A single vision, a single goal

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Despite international condemnation for its violation of all distinctions between civilian and military targets in war, the Israeli government has brought to bear its most advanced weaponry against a defenceless people in its determination to impose a form of apartheid.

Yet, just as apartheid came to an end in South Africa, so too must Israel’s version. Sharon may have opposed Camp David I and all subsequent agreements with the Arabs, but he is deluding himself if he believes that the international community can tolerate the continuation of his expansionist policies. The Palestinians will not be turned into refugees again.

In Israel itself there is a growing realisation that Sharon’s war is futile. The steadfastness of Palestinian youth in the face of F16s and tanks is proof that fear is no longer part of the Palestinian lexicon, that for them life has no meaning under existing conditions of oppression and degradation.

As Israeli documents have confirmed, Barak’s inability to display sufficient courage and flexibility to reach a viable settlement when the climate was propitious was the primary cause of the collapse of Camp David II. His failure precipitated the chain of events that brought to power in Israel a man notorious for the amount of blood on his hands, from Egyptian POWs in the Sinai and the victims of Sabra and Shatila to the Palestinians today. Suddenly, after peace agreements were concluded with Egypt and Jordan and after negotiations had begun with Syria, Lebanon and Palestine, the prospect of war looms again.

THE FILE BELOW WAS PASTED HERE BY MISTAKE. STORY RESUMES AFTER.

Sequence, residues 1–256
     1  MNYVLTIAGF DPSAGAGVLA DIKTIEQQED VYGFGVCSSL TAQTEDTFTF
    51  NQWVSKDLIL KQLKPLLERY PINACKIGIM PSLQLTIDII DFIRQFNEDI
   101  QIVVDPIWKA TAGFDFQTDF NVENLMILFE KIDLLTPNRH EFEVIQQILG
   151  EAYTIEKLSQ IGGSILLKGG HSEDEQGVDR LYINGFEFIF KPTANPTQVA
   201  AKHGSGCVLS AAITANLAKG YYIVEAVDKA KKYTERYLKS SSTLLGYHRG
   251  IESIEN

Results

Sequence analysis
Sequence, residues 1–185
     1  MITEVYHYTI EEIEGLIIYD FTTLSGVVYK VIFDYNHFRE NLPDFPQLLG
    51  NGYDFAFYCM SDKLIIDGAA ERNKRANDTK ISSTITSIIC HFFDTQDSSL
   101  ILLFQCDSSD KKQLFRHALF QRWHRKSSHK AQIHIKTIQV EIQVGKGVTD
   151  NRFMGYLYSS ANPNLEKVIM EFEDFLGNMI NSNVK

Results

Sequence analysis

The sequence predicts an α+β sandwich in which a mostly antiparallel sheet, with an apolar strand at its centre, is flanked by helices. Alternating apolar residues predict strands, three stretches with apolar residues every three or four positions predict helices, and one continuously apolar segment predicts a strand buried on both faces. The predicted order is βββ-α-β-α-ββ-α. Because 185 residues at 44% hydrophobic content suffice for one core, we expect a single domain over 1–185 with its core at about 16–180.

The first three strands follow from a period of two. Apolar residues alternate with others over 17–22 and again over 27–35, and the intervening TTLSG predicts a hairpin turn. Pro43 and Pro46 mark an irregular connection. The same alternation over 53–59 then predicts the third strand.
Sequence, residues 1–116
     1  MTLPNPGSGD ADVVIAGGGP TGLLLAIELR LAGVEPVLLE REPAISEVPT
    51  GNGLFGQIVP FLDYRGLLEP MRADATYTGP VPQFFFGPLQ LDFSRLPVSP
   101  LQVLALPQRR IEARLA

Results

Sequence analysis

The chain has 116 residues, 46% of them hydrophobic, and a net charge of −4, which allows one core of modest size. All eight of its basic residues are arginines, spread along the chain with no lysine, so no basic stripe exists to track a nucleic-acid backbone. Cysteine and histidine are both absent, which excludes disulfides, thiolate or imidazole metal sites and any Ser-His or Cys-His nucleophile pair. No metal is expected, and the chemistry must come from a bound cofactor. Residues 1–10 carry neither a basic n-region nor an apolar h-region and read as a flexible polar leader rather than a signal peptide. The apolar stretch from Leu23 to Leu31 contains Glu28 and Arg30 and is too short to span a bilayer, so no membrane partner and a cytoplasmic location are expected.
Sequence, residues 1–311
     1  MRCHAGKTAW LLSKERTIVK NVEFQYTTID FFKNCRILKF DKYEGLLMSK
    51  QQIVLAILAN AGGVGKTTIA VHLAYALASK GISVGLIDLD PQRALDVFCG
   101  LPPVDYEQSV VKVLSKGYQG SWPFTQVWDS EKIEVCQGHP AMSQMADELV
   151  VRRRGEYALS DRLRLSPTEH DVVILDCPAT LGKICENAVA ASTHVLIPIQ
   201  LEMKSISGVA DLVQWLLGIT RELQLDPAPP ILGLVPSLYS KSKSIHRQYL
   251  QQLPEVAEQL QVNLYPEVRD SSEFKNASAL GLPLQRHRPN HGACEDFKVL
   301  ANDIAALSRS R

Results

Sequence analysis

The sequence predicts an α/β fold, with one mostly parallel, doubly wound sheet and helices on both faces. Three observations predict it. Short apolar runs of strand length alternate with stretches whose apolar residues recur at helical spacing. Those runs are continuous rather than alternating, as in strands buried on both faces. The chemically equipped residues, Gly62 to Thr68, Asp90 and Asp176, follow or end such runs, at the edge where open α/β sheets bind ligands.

Sharon has not only failed to deliver on his electoral pledge to end the Intifada in 100 days, he has generated a climate of fear that has affected Israel itself. Tourism to Israel has plummeted drastically and international airline crews refuse to spend the night there. According to a recent poll, moreover, 71 per cent of Israelis now feel that their national security has eroded under Sharon and that he is the primary cause of this.

In The Point of No Return: The Deadly Struggle for Middle East Peace, Geoffrey Kemp and Jeremy Pressman warned that the reduction of the American deterrent may increase the likelihood of renewed conflict in the region. Their warning came in 1998, when Netanyahu was in power in Israel. With Sharon the warning needs to be made more forcefully than ever.

The Bush administration’s hands-off policy towards the region has certainly been counterproductive. White House statements blaming the Palestinians for the violence have only encouraged Sharon to press ahead with his designs to wriggle out of all previously concluded agreements.

Not only does the US tacitly condone Sharon’s violence, it actively promotes it. In addition to opposing international monitors, a spokesman for the State Department has declared that Israel’s use of US weapons against Palestinian activists does not violate laws regulating US arms exports and stipulating that such weapons be used only for self-defence.